In the meantime, PJM has made an effort to minimize the risk that EPSA’s unsettled status may distort the results of its upcoming May 2015 RPM Base Residual Auction or open it up to legal challenges that would require PJM to re-run the auction.  On January 14, 2015, PJM filed with FERC proposed tariff revisions that would go into effect only in the event the Supreme Court denies FERC’s petition for certiorari.  These “stop-gap” rules present a new demand-side commitment model that aims to preserve the demand- and price-reduction benefits of demand response participation in RPM, while keeping within EPSA’s jurisdictional limits.

Specifically, PJM’s tariff revisions propose the following:

  • Removing existing provisions in the PJM Tariff and RAA that currently provide forsupply-side Demand Resource participation (pending a future filing to restore or address such provisions); and
  • Adding new provisions permitting LSEs or other wholesale entities to bid demand-side reductions, in the form of Wholesale Load Reductions and Wholesale Energy Efficiency Loads, from the 2015 Base Residual Auction onwards.  These load reductions would cause a leftward shift of the VRR curve, reducing the amount of capacity PJM would have to procure and resulting in a lower clearing price.

Notably, the proposed rules retain EPSA’s retail versus wholesale distinction by permitting only wholesale entities to submit load reduction bids.  PJM would leave it to the LSEs, retail customers, and states to determine how retail end-users ultimately would be compensated for the reduction in their electricity consumption that underlies the LSEs’ load reductions.  Moreover, under the revised rules, PJM would not compensate LSEs as it would supply-side generation; instead, cleared wholesale load reductions would result in reductions to the LSE’s capacity obligations and associated capacity charges.  LSEs would still be on the hook for complying with their load reductions, however, and would be subject to measurement and verification requirements and compliance charges for non-performance.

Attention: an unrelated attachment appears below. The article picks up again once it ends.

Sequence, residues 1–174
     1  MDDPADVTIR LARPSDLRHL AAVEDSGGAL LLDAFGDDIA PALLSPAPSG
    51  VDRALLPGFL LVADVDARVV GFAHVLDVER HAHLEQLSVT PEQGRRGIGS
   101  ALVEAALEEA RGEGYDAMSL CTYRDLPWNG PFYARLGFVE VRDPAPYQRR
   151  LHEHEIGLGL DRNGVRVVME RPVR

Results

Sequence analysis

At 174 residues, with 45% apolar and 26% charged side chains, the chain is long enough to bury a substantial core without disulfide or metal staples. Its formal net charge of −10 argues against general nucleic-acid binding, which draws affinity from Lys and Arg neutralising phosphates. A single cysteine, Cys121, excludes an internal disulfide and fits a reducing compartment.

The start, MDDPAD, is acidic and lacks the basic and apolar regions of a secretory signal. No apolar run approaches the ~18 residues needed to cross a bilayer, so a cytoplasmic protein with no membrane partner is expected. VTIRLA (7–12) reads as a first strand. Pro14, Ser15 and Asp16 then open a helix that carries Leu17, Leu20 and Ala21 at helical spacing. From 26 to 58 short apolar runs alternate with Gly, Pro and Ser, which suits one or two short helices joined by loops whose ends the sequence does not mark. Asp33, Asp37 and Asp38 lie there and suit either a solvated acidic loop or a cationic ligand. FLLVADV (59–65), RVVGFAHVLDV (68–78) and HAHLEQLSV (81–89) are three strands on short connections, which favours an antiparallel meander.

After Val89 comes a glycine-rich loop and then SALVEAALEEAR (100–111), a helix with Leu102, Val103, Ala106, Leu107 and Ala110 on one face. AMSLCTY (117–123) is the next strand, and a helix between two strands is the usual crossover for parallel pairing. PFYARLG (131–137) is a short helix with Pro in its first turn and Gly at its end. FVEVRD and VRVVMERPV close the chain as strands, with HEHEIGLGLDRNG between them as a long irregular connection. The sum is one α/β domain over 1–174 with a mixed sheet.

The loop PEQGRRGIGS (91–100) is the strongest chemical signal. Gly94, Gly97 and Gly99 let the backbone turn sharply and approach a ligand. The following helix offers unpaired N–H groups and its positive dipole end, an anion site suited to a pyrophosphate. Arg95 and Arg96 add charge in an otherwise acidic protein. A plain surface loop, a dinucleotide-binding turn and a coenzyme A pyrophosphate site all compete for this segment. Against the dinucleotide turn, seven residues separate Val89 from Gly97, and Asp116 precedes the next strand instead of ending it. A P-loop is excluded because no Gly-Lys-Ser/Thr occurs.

PJM proposes that the revised tariffs become effective April 1, 2015, and only in the event the Supreme Court denies certiorari in EPSA.  If the Commission accepts the revisions before the Supreme Court has acted, PJM requests that the Commission suspend the effective date for five days to permit PJM to submit a motion for continued suspension until such time as the Supreme Court has acted.  If the Supreme Court does not make a decision on the petition for certiorari as the Base Residual Auction approaches, PJM would continue to operate under its existing demand response rules. 

In its filing, PJM emphasizes that its proposed revisions would not alter capacity commitments or compensation from previous auctions.  Going forward, PJM’s “stop-gap” rules also are not intended to be set in stone, but rather to provide a way for demand response to continue to participate in this year’s Base Residual Auction despite its shaky status.  In its own words, PJM recognizes that because “determining the overall future of demand response . . . may require Commission action of nationwide scope,” the revisions are “not intended to foreclose, either legally or practically, the Commission’s consideration of the larger issues that EPSA may raise.”11

FERC’s View

Former FERC Chairman Jon Wellinghoff exuded confidence recently regarding FERC’s petition for certiorari, stating:  “[i]f the Supreme Court takes this case, we’re going to win . . . .  We, in fact, will win this hands down.”12  Notably, the Supreme Court has historically given petitions for certiorari submitted by the Solicitor General a close review, grantingcertiorari in a higher number of cases submitted by the government than private petitioners.13

In the event that certiorari is denied, and without a legislative solution, FERC will review PJM’s pending tariff proposal and, separately, may endeavor to:  (1) revise its demand response regulation consistent with a narrow reading of the D.C. Circuit’s decision under which the court only invalidated “FERC’s authority to regulate the level of compensation paid by wholesale-market operators to demand-response providers in energy markets;”14and (2) revise the compensation structure to address Commissioner Moeller’s dissenting arguments.15

Future Filings to Look For

EPSA’s response is due February 17, 2015, along with all amicus briefs.  The Supreme Court’s decision on whether to grant the petition will likely be issued in the spring or early summer of 2015.  This means that if certiorari is granted, we will not see a decision until spring or summer of 2016.  While this seems a long way off, the lasting impacts of the removal of demand response from the market may prove worth the wait.